Editorial: Tri Turbo and Electrical Assist

Interesting | July 9th, 2011 by 15
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The triple turbo talk continues unabated, this time with a bit of a twist, electric turbo. Not so fast! Electric turbo? If a turbo was …

The triple turbo talk continues unabated, this time with a bit of a twist, electric turbo. Not so fast! Electric turbo? If a turbo was powered electrically (rather than with exhaust gases) it would be a centrifugal supercharger.

And a quick interwebs search on ‘electric supercharger’ will bring up the same level of snake oil stupidity since ‘high mileage’ magnets. But if you look for ‘electrically assisted turbochargers’, a completely different set of information comes up.

What the electrical assist does is spin the turbine up to speed in very light to no load conditions. And the term ‘light to no load’ is the critical piece. Under load, you have to supply massive quantities of
amps to the electric motor to generate the boost levels needed. But if all that is required is for the turbine to be spun up then an existing automotive electrical system will work just fine.

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A random electric supercharger featured here

Knowing that, where the electrical assist in a tri-turbo setup resides is just a matter of deduction (as opposed to ‘induction’). The speculation is that the engine would continue to use two small turbos (one for cylinders 1-3, the other for cylinders 4-6) as the N54B30 does. They have minimal lag, and provide decent performance right off idle. But they suffer at higher engine RPMS. It’s at this juncture that the third turbo would be employed, picking up the compression of air at higher RPM/load tan the two smaller turbos won’t handle as efficiently.

It’s that third turbo that would benefit from electrical assist. As engine RPM rose, the circuit to spin the third turbine with the small electric motor would kick in and the turbo would be ready to provide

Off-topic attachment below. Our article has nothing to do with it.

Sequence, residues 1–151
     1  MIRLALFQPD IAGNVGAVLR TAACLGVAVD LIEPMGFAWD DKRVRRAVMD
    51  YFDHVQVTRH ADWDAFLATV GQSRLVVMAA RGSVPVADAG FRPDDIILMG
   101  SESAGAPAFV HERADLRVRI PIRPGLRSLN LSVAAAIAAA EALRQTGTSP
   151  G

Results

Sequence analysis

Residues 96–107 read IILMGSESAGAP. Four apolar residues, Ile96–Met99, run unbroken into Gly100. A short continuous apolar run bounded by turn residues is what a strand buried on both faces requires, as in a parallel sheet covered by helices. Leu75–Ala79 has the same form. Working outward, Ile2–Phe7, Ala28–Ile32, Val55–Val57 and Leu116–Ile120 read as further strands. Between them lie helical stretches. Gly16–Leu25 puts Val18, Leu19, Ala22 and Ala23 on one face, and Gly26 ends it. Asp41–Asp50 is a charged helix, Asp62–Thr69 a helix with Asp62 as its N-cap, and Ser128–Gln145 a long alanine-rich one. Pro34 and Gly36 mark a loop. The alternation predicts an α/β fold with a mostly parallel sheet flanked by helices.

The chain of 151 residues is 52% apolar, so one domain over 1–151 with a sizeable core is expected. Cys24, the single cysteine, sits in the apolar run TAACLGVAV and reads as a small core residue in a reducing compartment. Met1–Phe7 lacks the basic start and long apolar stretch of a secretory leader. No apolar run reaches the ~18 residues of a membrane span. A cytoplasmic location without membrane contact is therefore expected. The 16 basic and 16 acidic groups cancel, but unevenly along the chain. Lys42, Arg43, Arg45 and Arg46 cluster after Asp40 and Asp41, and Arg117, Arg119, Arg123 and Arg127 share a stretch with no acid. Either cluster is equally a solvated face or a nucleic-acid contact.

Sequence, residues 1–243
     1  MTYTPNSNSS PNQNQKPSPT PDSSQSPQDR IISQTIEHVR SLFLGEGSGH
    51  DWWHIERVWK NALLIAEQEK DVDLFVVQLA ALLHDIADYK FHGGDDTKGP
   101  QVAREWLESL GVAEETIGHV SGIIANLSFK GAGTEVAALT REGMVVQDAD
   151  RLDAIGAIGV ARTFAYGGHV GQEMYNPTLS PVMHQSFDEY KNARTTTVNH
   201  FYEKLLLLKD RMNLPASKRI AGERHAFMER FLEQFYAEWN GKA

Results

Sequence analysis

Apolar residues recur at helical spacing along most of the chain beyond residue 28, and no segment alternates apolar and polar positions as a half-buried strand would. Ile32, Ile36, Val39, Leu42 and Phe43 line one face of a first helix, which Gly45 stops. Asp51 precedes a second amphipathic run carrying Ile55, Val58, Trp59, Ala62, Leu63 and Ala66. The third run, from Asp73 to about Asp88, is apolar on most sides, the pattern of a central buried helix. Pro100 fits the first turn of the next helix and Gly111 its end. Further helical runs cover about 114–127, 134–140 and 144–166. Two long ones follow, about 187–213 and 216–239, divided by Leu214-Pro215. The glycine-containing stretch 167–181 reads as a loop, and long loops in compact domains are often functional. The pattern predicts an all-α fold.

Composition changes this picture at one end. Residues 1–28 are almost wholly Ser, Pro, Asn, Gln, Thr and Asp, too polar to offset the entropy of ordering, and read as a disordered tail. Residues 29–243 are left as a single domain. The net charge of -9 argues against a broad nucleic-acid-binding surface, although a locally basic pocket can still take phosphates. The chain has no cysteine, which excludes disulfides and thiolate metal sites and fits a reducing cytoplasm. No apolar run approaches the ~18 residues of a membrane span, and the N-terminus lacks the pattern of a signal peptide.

boost with virtually no lag. (Even more fun is grabbing the electrical output from the motor when under boost and applying that to the battery.)

In thinking about how that would be accomplished, I imagined a pancake motor housed between the turbine and compressor side of the turbocharger. Et voila, electrical assist! But, Garrett has been down this road before with their e-Turbo, and I suspect electrically assisting the turbine was conceived prior to 2005.

But before jumping on the band wagon, there is one major caveat. What it boils down to (all puns intended) is how do you protect the electric assist motor, living on the shaft that joins the turbine and compressor, from the intense heat produced by the turbocharger.

I suspect they have an answer to that, and that’s why they are titled engineers and I’m a scribbler. Regardless, chalk another new thing up as EfficientDynamics.

15 responses to “Editorial: Tri Turbo and Electrical Assist”

  1. Petkunterä says:

    Correct me if I’m wrong but I think BMW advertises the current twin-scroll turbocharged I6 as TwinPower turbo.
    My guess would be that the M3 will have a TriPower turbo and not a tri-turbo engine. The TriPower turbo would combine a twin-scroll turbo with that electrically assisted turbo mentioned in the article. Three separate turbos sounds expensive, large and heavy to me.

    • Hugo Becker says:

      BMW has gone to some great pains in press conferences I’ve attended to explain that ‘TwinPower’ indicates the presence of VALVETRONIC and direct injection in the cylinder head. Theysay it hasn’t any bearing on the number of turbos employed. To prove that point they call the new four cylinder with a single turbo (the ‘N20’) a TwinPower Turbo.

      Yeah it’s a bit of a stretch – but that’s what they’re saying. ;-)

  2. Otto says:

    Used to be a time where BMW increased the number of cylinders.
    My guess is that soon we’ll get engines with more turbos than cylinders.

  3. Jimmy G says:

    Our distinguished author is mistaken. What the e-turbo affords is the ability to install larger, free-breating high boost pressure conventional twin-turbos for mid and high rpm applications, as the e-turbo handles the low rpm, low load applications, TOTALLY eliminating turbo lag (not virtually eliminating as is the talk with BMW’s current generation of turbocharged engines, n20, n54, n55, n63, s63 and s63tu).
    This setup, e-turbo for low-rpm/load, conventional for mid to high rpm will mean potential for high revving massive hp/L engines as each turbo class can be optimized for it’s own setting. Be prepared to be awed. A final application, is rather than venting excess boost pressure, a part of the exhaust gases kinetic energy can be harnessed in reverse mode by the e-turbo to recharge the battery.

    • Nnnn says:

      I would think that the “e-turbo” would be far less responsive than a small turbocharger – for essentially the reasons Hugo stated – it would require a *lot* of current to compete with exhaust gasses.   However, I could see a “sport mode” maintaining a fixed compressor speed for some increased nominal system pressure (+3 psi ?).

  4. Bry says:

    I can’t help but wonder if a tri-turbo setup with an electrical assist turbo will be good or bad for tuners. While tuners will certainly find some way to get more power out of the setup, the amount of R&D required to develop aftermarket parts will make them significantly more expensive.

  5. Nnnn says:

    interesting idea. 

    The picture is baffling – i can’t figure out what any of those ducts are doing.

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